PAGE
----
District Attorney

Find district attorney, DA, and county, prosecuting, state, and commonwealth attorneys. District attorneys provide information on criminal court cases, public safety, legal cases, and law documents.



What is a District Attorney?

A district attorney is a prosecutor who represents the government in proceedings against criminals in a particular geographical area. State, county, and city district attorneys are widely known under the traditional acronym DA. Many states, however, have various names for the role, including state attorney or commonwealth attorney. Despite the differences in title, most essential functions of district attorneys remain the same. A DA acts in the name of the public and on behalf of the state to protect public safety by prosecuting criminals, initiating investigations, and taking charge of bringing criminals to justice by recommending criminal penalties.

Many states have one district attorney, but some have several. This is why there are more than 50 federal district attorneys in the United States, each of whom is assigned to a particular district that may not correspond to just one state. To be able to manage all legal cases across a district, every DA has a team of assistants. Although most DAs handle only criminal cases, some state attorneys also deal with law documents from civil procedures when a case involves public interest. According to legal practice in the United States, DAs are assigned by election and appointment.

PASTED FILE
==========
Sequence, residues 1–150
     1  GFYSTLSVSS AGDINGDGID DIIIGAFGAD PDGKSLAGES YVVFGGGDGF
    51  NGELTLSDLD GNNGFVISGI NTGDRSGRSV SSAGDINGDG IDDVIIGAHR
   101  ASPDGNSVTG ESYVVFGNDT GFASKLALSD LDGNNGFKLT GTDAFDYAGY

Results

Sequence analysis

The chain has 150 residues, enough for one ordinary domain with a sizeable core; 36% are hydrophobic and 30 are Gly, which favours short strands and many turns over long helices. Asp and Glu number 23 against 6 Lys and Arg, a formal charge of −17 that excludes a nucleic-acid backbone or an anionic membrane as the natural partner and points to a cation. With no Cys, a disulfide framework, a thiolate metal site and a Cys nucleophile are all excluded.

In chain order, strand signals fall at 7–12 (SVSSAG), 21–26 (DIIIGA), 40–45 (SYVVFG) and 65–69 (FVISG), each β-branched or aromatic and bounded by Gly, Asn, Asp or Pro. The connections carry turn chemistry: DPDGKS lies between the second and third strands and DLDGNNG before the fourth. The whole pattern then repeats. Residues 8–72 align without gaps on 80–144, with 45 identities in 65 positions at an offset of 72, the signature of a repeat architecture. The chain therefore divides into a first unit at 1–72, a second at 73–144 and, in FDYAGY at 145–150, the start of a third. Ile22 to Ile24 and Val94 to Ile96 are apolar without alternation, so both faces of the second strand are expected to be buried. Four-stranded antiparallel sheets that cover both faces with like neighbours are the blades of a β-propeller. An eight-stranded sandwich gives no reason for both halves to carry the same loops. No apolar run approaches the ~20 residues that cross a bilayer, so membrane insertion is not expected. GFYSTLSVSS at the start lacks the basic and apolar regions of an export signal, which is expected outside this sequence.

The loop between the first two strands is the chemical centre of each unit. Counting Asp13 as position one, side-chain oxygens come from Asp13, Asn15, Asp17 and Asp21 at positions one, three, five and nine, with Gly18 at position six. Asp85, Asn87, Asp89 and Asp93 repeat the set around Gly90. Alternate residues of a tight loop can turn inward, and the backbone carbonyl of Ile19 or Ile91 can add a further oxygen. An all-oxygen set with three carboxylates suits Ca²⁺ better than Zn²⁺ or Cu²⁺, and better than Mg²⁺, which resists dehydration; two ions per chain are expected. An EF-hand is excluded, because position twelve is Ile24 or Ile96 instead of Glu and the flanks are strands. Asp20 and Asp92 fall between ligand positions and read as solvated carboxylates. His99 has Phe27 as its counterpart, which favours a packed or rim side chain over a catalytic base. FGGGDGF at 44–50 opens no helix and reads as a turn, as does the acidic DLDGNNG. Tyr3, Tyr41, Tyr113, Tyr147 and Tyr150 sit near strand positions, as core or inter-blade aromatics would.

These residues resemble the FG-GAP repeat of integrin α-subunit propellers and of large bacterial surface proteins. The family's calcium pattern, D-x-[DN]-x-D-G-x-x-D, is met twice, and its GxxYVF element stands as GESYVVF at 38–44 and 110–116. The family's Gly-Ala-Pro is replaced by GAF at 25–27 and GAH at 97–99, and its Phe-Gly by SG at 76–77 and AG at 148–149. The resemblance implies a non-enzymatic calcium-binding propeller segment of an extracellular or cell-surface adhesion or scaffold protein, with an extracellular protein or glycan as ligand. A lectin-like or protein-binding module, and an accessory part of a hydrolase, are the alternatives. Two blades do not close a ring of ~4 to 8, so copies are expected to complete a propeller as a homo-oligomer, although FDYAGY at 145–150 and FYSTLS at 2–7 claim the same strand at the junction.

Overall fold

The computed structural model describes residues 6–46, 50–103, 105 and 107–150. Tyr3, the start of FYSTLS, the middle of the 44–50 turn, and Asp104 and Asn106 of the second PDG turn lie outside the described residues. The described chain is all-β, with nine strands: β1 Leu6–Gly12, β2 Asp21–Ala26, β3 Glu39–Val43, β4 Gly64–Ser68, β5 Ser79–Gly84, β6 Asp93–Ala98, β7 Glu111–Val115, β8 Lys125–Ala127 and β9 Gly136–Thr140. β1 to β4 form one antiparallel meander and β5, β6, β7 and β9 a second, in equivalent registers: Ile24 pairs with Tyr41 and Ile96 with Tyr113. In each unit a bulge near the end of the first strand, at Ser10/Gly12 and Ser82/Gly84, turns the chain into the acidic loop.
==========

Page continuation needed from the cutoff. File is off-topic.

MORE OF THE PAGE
District Attorneys are responsible for

  1. Protecting the public safety from criminal offenders, by raising charges for committed crimes and cooperating with law enforcement agencies to complete legal cases against offenders.
  2. Providing information on criminal court cases and responding to the public for official work done in their line of work.
  3. Overseeing the work of assistant district attorneys who are accountable for lower instance legal cases within their jurisdictions.
  4. Investigating evidence of criminal behavior, and deciding whether a particular offense is a crime.
  5. Conducting trials in the public's interest, selecting juries, litigating appeals and offering plea bargains.

Are there different types of District Attorneys?

The principal differences between district attorneys are related to the scope of their work, their geographical areas of responsibility and the ways they're assigned to duty. Depending on the case law and law documents of a particular state, many DAs can perform some civil duties of public interest but are nonetheless known under the same name. Given geographical jurisdiction, DAs can act as state district attorneys, county district attorneys, and city or municipal district attorneys. Only Virginia calls these legal professionals commonwealth attorneys, while many other states use the title deputy attorney general.